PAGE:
You must like hard work. More of you chose the demands of literary weather reports than the joys of contemporary cliches, though readers from their nineties to the ninth grade - an entire ninth grade, it seems - joined in this second Home Forum Competition.
The ninth-graders of Westford (Mass.) Academy, which gets a certificate in their honor, not only delighted us with entries such as ''bland as tofu,'' ''stubborn as a traffic jam,'' and ''happiness is having your very own robot.'' They also, almost without acception (and you know who you are), avoided the kind of malapropism attributed to students in the essay below. The urgent need for new cliches is corroborated by Frank Sullivan's classic piece on the opposite page. Sullivan also shows the variety of cliches, in addition to the simile form that most of you stuck to.
A few entries strayed from updated cliches into updated adages (''All that glitters is not silicon'' - ''Don't count your benefits before they mature'' - ''Children should be video, not audio'' - ''You can't have your nuclear bombs and use them, too'' - ''A stitch in time saves Velcro'' - ''Too many missiles spoil detente''). The line is hazy, but such sayings might better fit a competition on proverbs.
More than one of you came up with ''straight as a laser,'' ''hot as (or hotter than) ground zero,'' and ''American as the space shuttle.'' Indeed, there were several recyclings of ''American as apple pie,'' ranging from the wry ''as American as money'' to '' . . . as Pac-Man,'' '' . . . as marines,'' '' . . . as potato chips,'' '' . . . as hot dogs,'' and, perhaps hinting just how far the melting pot has gone, ''as American as the bean sprout.'' A certificate goes to Joan Bence of Columbus, Ohio, for combining a point with a witty echo in ''as American as Apple II.''
High-tech was naturally a source for many of your contemporary cliches, and humor your technique. But other parts of the scene were touched on. For example, one entry cited equal rights for the sexes and offered ''Well, I'll be a monkey's aunt!''
And two readers seriously spoke to a different theme of pertinence today in words they attributed to others. They would replace ''kill two birds with one stone'' with ''feed two birds with one crust'' or, in another version, ''one crumb.''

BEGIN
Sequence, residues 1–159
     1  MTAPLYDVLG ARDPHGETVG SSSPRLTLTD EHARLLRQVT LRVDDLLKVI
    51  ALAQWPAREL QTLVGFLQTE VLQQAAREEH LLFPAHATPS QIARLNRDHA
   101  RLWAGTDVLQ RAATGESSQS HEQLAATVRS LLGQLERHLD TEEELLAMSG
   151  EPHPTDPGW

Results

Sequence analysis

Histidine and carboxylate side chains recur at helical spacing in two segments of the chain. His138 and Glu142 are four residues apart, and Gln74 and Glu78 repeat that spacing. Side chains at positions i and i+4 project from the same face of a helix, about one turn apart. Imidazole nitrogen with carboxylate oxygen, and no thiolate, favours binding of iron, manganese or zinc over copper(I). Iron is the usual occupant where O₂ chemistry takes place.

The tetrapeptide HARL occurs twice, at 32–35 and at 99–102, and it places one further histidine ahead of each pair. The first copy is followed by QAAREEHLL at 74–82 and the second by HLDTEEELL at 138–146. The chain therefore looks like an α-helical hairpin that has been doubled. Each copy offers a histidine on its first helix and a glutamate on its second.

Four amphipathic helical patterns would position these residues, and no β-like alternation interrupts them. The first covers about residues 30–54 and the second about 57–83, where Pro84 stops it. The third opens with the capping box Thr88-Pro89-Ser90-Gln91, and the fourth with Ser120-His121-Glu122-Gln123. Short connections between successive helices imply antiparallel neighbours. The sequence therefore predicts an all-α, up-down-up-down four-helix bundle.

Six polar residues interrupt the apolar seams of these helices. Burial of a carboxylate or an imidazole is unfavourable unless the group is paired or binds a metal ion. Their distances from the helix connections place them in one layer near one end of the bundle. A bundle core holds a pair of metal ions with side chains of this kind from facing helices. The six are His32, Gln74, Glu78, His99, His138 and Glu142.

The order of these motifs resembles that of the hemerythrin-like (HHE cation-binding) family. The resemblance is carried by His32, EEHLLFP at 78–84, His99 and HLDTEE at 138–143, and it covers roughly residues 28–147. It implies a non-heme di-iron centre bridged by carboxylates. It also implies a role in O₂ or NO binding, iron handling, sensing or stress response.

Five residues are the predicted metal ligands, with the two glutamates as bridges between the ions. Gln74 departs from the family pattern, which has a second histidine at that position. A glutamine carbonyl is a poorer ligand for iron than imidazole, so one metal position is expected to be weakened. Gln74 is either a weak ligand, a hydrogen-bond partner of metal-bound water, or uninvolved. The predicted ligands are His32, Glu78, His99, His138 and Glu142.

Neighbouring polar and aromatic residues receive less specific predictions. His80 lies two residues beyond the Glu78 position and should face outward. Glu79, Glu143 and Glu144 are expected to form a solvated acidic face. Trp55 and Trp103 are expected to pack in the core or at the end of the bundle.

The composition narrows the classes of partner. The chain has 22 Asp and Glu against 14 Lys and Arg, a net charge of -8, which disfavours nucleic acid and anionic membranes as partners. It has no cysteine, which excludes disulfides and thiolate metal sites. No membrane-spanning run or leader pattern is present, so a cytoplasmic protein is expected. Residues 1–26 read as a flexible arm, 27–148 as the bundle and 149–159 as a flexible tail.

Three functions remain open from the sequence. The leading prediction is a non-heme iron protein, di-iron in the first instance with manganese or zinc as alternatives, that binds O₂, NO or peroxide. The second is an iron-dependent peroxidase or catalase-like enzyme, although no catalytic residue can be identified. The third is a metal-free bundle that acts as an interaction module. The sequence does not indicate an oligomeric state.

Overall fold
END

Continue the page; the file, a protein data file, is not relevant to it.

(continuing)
So quiet you could hear the ratings drop.
Naomi Ruth WheelerKirksville, Mo.
As easy as e EQUALS mc2.
Without you I am a computer with no software.
Virginia GoldenPortola Valley, Calif.
Turn over a new disk.
Linda Susan BrownSomerville, Mass.
Clear as an astronaut's eye.
Milton JeffersonLiverpool, N.Y.
Hotter than a launch pad.
Kirk TharpeShreveport, La.
Going like Chuck Yeager.
Kay BuntGlassboro, N.J.
Going like 55.
Beth EggersMedina, Ohio
Prolific as a breeder reactor.
Like looking for a contact lens in a swimming pool.
Tom SkallerupBloomington, Ind.
Like trying to crack an egg on the edge of a plastic bowl.
Catherine R. WilliamsLevittown, N.Y.
Happy as a church mouse with a charge card.
Norman WalterRed House, W.Va.
Happy as a deer with gun control.
Pat ParksTucson, Ariz.
Scarce as slide rules at a computer show.
Henry William Brands Jr.Austin, Texas
Like carrying computers to IBM.
Missing a chip.
M. M. FynnMontrose, Colo.
About as much fun as jet lag.
Julie A. DaveyDuarte, Calif.
Quiet as a computer screen.
Mrs. W. Bert MartinGreenville, S.C.
A veritable silicon chip of information.
August W. ReichelLos Angeles
Plain as the instructions on a childproof cap.
Pam GinerisChicago Heights, Ill.
Quick as making breakfast in a microwave oven.
Rita FarnhamDe Soto, Mo.
Like trying to find the Bee Gees at a heavy metal concert.
Flintridge Preparatory SchoolLa Canada-Flintridge, Calif.(From 7th- and 8 th-grade entry)